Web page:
At least one scammer is reportedly gaming other users on the blockchain-powered event betting platform Augur by creating deliberately invalid markets.
At least one scammer is reportedly gaming other users on the blockchain-powered event betting platform Augur by creating deliberately invalid markets, according to a Reddit thread published on March 20.
Created by the non-profit Forecast Foundation, Augur is an Ethereum (ETH) mainnet-based predictions platform, which launched in July 2018. The platform allows users to stake tokens to bet on predictions of the outcome of a given event.
The reported scam entails a bad actor creating a predictions market that contains subtle contradictions or inconsistencies in its wording, which will ultimately lead to the market being declared invalid, and all staked funds thus being distributed evenly between betters.
Meanwhile, the creator of the purposefully invalid market bets on outcomes that are unlikely to win, having vouchsafed for him- or herself a guaranteed payout when staked funds are eventually redistributed.
In the discussion thread, a redditor has posted an example of one such ill-intended market — entitled “Ethereum price at the end of March 2019?” Whereas the title and the additional details state that the prediction market expires at “end of day March 31, 2019 UTC,” there is a discrepancy with the actual listed expiration date, which is 1:59 p.m. UTC on March 31 — several hours earlier. This slight discrepancy virtually ensures the market will be flagged as invalid, while the subtle contradiction is unlikely to be picked up by most betters.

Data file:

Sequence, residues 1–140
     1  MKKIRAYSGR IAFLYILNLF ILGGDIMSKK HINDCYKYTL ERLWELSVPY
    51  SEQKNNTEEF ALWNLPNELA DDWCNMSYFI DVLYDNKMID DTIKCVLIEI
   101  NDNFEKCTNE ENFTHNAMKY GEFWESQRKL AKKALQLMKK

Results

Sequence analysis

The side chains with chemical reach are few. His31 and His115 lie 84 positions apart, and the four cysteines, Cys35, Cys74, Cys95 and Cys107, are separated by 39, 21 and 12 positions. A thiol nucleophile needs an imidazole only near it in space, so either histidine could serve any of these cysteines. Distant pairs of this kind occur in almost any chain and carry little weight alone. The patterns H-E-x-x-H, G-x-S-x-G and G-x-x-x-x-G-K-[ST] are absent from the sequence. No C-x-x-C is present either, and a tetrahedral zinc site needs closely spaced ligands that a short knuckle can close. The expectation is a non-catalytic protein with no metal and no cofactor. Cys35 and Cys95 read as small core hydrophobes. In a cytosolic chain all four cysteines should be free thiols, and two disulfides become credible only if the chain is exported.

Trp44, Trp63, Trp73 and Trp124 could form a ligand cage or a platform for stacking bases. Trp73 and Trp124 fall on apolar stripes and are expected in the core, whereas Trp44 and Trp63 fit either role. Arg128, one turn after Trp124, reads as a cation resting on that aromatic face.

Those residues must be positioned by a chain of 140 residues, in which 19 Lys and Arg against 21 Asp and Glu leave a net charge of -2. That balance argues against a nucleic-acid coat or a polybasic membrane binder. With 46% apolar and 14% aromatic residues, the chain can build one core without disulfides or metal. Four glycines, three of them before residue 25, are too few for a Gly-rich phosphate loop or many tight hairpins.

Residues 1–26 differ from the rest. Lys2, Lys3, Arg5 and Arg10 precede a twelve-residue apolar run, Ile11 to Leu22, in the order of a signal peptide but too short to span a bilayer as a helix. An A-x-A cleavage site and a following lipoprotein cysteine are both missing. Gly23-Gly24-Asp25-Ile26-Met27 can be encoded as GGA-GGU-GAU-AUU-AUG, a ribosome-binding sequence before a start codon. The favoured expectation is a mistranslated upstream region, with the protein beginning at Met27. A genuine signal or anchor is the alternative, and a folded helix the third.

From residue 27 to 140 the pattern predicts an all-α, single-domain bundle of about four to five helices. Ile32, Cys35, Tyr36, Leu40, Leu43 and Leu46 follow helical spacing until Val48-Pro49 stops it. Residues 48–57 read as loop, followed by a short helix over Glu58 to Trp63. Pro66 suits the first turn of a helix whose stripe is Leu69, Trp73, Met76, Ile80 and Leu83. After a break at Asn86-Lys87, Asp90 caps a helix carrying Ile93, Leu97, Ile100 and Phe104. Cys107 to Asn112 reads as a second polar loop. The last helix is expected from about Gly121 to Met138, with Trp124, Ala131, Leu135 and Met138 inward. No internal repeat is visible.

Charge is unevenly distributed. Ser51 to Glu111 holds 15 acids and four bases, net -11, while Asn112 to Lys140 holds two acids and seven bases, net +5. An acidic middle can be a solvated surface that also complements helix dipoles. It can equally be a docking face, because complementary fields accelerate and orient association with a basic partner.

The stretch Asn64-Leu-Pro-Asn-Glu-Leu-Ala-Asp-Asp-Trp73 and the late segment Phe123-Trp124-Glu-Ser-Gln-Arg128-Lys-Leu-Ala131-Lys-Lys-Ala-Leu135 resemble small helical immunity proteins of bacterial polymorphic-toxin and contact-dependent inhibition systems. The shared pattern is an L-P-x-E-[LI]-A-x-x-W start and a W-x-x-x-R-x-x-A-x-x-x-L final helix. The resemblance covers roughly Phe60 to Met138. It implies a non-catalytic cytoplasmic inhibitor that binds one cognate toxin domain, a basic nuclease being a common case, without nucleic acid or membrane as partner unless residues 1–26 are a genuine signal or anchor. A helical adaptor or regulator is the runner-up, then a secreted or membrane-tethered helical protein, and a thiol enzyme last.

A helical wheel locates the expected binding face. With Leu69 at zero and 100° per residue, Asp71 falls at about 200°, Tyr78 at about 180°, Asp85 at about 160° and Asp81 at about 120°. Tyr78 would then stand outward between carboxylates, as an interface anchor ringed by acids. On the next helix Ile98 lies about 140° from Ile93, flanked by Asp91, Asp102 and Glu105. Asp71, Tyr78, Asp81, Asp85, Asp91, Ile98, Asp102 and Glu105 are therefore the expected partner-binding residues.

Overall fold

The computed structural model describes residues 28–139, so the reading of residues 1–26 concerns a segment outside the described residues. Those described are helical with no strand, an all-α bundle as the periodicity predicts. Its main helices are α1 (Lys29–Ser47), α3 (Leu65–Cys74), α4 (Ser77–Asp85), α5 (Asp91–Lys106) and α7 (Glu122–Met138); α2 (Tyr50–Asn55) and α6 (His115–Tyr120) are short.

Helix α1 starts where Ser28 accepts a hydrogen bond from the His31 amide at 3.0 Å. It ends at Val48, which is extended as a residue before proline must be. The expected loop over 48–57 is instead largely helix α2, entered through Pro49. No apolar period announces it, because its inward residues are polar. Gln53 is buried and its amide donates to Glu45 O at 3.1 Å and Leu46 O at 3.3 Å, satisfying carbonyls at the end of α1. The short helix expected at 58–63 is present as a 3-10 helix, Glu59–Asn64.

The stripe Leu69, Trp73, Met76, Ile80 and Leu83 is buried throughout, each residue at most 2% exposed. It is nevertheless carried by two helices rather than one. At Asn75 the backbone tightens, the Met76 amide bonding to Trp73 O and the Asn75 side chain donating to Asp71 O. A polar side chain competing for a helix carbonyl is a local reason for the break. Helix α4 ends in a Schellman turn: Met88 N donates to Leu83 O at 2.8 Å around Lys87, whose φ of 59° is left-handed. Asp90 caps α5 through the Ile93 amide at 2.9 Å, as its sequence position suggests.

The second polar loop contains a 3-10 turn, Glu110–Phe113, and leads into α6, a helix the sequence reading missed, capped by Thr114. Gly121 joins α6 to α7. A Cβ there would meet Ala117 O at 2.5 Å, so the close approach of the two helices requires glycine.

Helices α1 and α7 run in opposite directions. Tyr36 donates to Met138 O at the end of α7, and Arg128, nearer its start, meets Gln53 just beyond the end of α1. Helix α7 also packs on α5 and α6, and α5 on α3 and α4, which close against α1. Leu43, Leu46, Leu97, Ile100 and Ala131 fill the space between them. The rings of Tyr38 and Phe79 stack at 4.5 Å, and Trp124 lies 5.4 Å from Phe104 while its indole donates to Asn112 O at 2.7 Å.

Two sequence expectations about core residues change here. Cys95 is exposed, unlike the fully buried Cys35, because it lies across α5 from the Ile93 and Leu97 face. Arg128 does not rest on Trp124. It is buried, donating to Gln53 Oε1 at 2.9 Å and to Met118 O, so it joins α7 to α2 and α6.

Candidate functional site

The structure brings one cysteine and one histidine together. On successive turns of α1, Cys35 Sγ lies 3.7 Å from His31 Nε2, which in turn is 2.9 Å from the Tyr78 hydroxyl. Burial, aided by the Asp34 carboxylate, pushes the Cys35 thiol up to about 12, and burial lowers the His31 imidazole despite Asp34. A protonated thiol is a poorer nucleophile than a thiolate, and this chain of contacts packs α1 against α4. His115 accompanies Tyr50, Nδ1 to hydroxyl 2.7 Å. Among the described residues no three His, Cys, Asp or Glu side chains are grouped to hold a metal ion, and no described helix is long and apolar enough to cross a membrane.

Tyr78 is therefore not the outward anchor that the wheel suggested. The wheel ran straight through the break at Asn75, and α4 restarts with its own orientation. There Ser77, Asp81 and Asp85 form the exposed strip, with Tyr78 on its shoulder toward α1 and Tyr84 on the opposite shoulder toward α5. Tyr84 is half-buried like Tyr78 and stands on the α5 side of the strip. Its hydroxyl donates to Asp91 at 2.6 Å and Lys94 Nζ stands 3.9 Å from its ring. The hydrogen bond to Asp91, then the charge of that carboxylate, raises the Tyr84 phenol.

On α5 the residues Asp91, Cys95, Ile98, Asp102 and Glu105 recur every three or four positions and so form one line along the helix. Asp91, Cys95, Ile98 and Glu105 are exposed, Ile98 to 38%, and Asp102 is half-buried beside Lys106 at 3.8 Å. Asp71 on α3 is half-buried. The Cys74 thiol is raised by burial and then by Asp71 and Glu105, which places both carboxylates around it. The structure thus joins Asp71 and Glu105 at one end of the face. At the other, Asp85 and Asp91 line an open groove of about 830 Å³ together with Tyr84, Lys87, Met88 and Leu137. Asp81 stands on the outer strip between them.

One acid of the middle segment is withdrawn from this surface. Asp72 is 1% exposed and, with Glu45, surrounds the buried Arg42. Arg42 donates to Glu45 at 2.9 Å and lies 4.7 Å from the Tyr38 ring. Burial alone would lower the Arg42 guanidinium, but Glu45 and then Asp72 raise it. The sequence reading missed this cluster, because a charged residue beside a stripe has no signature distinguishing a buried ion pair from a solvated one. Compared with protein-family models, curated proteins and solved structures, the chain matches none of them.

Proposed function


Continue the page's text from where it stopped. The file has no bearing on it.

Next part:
David Gerard, author of the crypto- and blockchain-skeptic book, “Attack of the 50 Foot Blockchain,” has tweeted his sardonic response to news of the alleged scam, writing:
“Augur users shocked, shocked to discover that statements in words may have exploitable ambiguities when computerised, and that this opens their system to SCAMMERS!”
In a thread of tweets, Joey Krug — a co-founder of the Forecast Foundation and core developer at Augur — has claimed that the community has exaggerated the scale of the scam, which he argues is not broadly rife across the platform and is largely confined to a single user.
Krug has nonetheless conceded that the existing mechanism by which to safeguard against such exploitative activity is currently malfunctioning, outlining that:
“The system in Augur has a built in way to combat this: a validity bond. The more markets are invalid the higher the bond goes, augur targets 1% of markets as invalid. Right now it’s 10%. Why? There’s a bug on chain in the calculation of this bond which makes it too low.”
Krug has suggested that in forthcoming version 2 of Augur, the issue with validity bonds will be fixed, and that new means to detect such practices will be enforced, so that invalid will be separately tradable and will be used as an auto-triggering filter to identify bad actors.
As previously reported, Augur has sparked controversy before when so-dubbed “assassination markets” surfaced on the platform, in which users placed bets on the deaths of a number of high-profile public figures.
To press time, Augur’s native token REP is trading at $14.95, according to CoinMarketCap.